Pilar Corrias is pleased to present Opening, a solo exhibition of new paintings by Helen Johnson. Featuring ten paintings on canvas that were produced while Johnson undertook training as an art therapist, Opening can be understood as a form of self-portrait of the Melbourne-based artist. Inspired by Lacanian psychoanalytic theories, the works on display together produce distinct affective registers for intimate explorations of love, loss, subjecthood and belonging.
During her years in therapeutic training, the artist’s painting practice has reoriented toward psychoanalytical conceptions of the human body. The corporeal body remains a focus alongside these developments, both in scale – which is determined by the artist’s physical reach – and in the approach to figuration. In several works, Johnson assembles various body parts into whole figures like a game of exquisite corpse; elsewhere, atomised fragments coalesce into unfamiliar forms. In Late mirror stage, one of the large canvases on display, two pictorial levels meet in a way previously unseen in the artist’s paintings. Inspired by Lacan’s paper on The Mirror Stage (1949), where a jubilant infant first conceptualises himself as a person in the world, independent of his mother, the work centres on the moment where a swirling ribbon passes between the pinched fingers of a figure belonging to a different register within the composition. The artist considers Late mirror stage to share similarities with her practice as an artist and art therapist; both necessitate shifting between the positions of observer and creator, of producing a mirror image of oneself in order to hold space for others.
Drawing upon imagery remembered from her dreams, Johnson’s approach pays debt to Symbolism and its promotion of subjective, poetic description as a gateway to truth. As the artist explains, ‘rather than functioning as portraiture, these paintings serve as substrates for reckoning with the intensities held within each of us, forged in relation to the worlds we inhabit.’ Lack arose from a recurring anxiety dream of Johnson’s, in which her body, perforated by tiny holes, disintegrates beyond remedy. In Lacanian theory, lack is not understood as deficit, but as a sense of absence established in childhood that forms the base root of desire. In Johnson’s painting, lack is not one single hole but an entire spongiform surface awaiting fulfilment. The holes transform into eyes, forming a topological gaze that looks out to meet the gaze of the viewer, which the artist associates with the Lacanian Other, or the social order as expressed through our relationships. In Constituted object, a body, containing within its form a liquified image of a mirror, offers up a lengthy extrusion of excrement. Eyes and mouths – sites of exchange – once more proliferate, contrasting with the ‘blind’ mirror that symbolises the loss of self that accompanies the loss of a loved one.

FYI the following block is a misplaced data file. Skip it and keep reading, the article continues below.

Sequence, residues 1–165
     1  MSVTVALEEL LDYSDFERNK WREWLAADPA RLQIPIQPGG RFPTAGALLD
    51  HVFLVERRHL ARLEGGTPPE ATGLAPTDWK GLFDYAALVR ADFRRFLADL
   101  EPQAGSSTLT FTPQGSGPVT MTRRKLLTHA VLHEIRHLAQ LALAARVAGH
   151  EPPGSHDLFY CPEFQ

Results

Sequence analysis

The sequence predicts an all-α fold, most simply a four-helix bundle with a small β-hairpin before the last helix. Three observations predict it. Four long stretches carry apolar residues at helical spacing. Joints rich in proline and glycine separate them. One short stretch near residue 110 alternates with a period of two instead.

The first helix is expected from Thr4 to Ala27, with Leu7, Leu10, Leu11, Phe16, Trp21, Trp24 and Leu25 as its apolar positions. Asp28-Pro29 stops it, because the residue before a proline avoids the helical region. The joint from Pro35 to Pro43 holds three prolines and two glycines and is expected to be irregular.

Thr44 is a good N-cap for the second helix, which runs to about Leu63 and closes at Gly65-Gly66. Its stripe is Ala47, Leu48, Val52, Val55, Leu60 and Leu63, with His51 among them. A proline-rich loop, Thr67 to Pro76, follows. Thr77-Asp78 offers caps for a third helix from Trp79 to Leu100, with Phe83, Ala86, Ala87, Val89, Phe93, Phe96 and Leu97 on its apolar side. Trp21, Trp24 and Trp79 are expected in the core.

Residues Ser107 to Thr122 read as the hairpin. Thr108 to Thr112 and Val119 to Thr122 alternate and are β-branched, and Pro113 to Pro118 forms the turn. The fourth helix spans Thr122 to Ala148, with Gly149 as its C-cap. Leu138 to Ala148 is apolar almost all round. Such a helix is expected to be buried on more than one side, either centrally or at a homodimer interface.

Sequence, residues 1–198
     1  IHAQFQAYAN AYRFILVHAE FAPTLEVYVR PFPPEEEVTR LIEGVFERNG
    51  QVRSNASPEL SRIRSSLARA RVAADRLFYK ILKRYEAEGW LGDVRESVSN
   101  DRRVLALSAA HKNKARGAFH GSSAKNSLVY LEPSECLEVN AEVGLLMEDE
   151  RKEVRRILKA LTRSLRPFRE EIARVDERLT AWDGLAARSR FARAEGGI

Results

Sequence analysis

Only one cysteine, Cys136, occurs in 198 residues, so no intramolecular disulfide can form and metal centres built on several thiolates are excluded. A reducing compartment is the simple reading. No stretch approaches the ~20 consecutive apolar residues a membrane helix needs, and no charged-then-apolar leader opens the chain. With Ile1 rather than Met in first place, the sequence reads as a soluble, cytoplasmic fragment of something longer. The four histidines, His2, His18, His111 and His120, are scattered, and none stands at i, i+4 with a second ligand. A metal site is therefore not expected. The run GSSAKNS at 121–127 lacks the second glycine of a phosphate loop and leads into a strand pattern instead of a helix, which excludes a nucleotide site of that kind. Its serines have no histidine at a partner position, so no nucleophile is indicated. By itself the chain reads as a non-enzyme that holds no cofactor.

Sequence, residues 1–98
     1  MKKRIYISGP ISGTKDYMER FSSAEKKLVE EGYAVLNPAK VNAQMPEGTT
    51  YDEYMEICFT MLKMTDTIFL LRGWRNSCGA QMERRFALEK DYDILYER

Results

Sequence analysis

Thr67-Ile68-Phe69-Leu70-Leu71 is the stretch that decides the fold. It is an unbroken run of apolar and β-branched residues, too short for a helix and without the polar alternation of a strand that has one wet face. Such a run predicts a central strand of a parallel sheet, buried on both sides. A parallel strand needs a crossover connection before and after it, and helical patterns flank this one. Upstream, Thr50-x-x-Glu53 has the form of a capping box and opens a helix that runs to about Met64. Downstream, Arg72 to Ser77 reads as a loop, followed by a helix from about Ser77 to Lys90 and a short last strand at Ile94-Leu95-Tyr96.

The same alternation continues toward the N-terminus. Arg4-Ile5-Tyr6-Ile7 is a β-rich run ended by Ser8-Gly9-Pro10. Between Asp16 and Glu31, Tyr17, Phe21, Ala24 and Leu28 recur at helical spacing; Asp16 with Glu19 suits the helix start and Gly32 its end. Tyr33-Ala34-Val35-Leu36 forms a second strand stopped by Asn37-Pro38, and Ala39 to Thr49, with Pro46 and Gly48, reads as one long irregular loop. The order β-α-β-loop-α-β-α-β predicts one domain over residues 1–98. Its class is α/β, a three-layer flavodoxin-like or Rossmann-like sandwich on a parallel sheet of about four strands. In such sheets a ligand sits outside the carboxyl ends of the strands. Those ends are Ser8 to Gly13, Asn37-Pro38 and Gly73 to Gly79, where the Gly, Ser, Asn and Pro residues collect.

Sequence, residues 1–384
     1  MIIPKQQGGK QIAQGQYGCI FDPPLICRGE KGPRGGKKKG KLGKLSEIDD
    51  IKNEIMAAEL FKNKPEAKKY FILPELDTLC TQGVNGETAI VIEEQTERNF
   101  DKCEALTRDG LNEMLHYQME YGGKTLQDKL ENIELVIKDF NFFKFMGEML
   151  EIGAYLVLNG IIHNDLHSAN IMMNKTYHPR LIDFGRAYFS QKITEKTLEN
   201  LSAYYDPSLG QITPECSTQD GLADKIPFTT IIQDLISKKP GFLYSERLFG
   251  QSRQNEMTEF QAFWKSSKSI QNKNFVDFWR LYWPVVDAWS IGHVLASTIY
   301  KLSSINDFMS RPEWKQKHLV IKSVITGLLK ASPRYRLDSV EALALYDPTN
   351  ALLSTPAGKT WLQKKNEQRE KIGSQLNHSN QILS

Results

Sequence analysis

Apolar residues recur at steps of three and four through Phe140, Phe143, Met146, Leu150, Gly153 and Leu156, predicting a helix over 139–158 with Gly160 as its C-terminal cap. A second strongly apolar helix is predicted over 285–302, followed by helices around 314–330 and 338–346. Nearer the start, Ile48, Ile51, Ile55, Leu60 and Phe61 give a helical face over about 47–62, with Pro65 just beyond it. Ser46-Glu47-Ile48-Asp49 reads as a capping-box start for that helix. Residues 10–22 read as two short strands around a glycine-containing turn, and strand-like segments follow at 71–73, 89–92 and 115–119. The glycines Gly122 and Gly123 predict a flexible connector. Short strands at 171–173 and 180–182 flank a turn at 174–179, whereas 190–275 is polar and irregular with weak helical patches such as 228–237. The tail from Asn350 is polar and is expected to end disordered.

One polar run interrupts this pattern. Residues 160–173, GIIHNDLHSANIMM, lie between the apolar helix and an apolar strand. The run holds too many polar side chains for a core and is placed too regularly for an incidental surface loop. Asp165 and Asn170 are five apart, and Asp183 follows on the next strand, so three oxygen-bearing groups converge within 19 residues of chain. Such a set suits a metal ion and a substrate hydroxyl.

The artist likens the process of making to that of a therapeutic session. The paintings’ subjects become elusive, shifting in meaning, seemingly revealing their own unconscious intentions alongside Johnson’s. Suspended from the gallery ceiling, Transference love – the artist’s first work with textural painted elements built up on both sides of the canvas – was produced by a process of emerging imagery becoming obscured and reinscribed. Areas of pared back mono-printing on raw canvas contrast with glossy surfaces, producing a textural dialogue for elements to interrupt one another, become flipped and re-integrated – a metaphor for transformation and change. Once finished, the large paintings are suspended or hung unstretched and unframed, their frayed edges meeting the environment of the gallery space.